Some people have such an overwhelming, irrational fear of snakes that the phobia may restrict their lifestyles. This fear - known as ophidiophobia - may cause such people to avoid all areas where there is the slightest chance that a serpent could be encountered. Some cannot enjoy gardening or their own backyards, let alone a hike in the country or a summer dip in the local pond. Many victims of this phobia cannot view a movie or photograph of a snake without experiencing acute anxiety, and could not bear to read this publication. If you know such a person, let them know that effective treatment is available. Tell them to contact their doctor or local medical clinic for a referral and get back to enjoying the outdoors!
Despite the harmless and beneficial nature of snakes, there are still some people who, for whatever reasons, want to discourage them from inhabiting their yards. Throughout the warm months - and particularly in the spring when the mating season and the need to bask causes snakes to be more obvious than usual - we get calls from people wanting to get snakes away from their homes. As with most things in life, the solution requires tradeoffs which should be thoughtfully weighed against the dubious inconvenience of having a snake or two around the yard.
While the adaptability and perseverance of our common snakes makes them extremely difficult to eliminate entirely, removing potential shelter can significantly reduce the number of snakes in an area. Shelter for snakes is almost anything close to the ground that they can enter or get beneath to avoid predators and extreme temperatures. Boards on the ground, log and leaf piles, cracks and crevices in foundations, rock walls, ground-hugging shrubbery, dense patches of vegetation and narrow spaces beneath decks and outbuildings are all popular forms of cover. The number of snakes around a home can be reduced by sealing or removing some or all of these shelters, but use common sense. A nearly snake-free yard would have a wide, close-cut lawn extending right to a tightly sealed foundation: no flower gardens, no rocks, no shrubbery. Unless you really want to surround yourself with a boring, uninviting landscape, it is much easier to live with an occasional snake in the yard.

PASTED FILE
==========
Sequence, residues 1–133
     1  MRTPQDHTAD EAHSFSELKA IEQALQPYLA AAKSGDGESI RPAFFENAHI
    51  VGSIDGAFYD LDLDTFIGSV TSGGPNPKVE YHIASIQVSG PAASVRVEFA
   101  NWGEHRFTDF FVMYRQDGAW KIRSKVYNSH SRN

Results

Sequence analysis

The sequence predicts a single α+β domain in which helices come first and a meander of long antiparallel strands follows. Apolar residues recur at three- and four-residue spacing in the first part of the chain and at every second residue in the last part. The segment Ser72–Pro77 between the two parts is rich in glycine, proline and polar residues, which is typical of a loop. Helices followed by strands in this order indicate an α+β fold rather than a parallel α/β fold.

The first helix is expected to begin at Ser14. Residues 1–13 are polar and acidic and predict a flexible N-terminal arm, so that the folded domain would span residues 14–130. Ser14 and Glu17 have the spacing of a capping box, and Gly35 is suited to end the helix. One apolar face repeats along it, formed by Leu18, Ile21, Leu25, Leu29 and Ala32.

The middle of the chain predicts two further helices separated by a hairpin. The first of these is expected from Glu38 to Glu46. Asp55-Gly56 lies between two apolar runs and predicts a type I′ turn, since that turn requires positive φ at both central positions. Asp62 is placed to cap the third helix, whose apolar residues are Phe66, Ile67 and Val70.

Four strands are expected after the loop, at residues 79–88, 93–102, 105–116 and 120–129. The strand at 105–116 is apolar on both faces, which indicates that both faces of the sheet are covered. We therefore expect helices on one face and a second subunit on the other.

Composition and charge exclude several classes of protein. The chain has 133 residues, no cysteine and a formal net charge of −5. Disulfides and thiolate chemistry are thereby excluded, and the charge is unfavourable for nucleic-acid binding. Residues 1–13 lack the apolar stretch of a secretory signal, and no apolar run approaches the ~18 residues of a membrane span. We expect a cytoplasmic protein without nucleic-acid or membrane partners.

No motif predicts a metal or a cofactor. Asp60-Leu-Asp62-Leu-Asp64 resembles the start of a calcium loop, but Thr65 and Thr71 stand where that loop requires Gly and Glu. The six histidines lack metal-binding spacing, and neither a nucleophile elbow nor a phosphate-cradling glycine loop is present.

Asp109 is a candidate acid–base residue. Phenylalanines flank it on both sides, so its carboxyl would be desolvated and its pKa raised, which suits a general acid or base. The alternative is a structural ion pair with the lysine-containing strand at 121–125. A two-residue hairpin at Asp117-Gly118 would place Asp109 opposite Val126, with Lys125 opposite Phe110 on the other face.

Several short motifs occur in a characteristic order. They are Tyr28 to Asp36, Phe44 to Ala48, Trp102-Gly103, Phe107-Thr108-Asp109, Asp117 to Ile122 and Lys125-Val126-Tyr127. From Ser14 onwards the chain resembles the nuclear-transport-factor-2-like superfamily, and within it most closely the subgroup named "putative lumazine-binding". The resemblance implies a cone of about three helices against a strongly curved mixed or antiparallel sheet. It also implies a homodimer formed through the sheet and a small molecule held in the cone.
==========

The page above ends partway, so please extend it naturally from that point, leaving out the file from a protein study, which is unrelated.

A snake in the house is another matter. While milk snakes may live undiscovered in rock foundations for generations and the pretty little "ringnecks" may survive comfortably amid the debris of a dirt-floored crawl-space, most snakes - especially garter snakes - end up in houses by accident. They cannot live in such habitats for long. Most are victims of falls and a poor sense of direction. They usually turn up in the spring, having hibernated in the foundation and emerged on the wrong side of the wall.
A snake in the house - especially in the typically jumbled cellar - is not an easy animal to locate. If it's any consolation, the snake will probably avoid living areas. If you can find it, check to be certain that it is a harmless snake, grab it with a pair of work gloves, and let it go outside. If the snake does not present itself, it may be lured out by the warmth of a heating pad or a sunlamp shining on a damp towel (but beware of the fire hazard!) It can also be trapped by placing "glue boards" (normally used for rodent control and available at hardware and agricultural stores) against walls in an area that the snake is likely to cross. Glue boards should be checked daily; captured snakes can be released unharmed with a little help and an application of common cooking oil.
There are no safe, effective snake repellents capable of keeping snakes away from yards or pools. However, if snakes are inhabiting small, confined areas - such as that crevice behind the front steps - a few tablespoons of naphthalene ("moth balls") may temporarily drive them out so that the entrance can be sealed.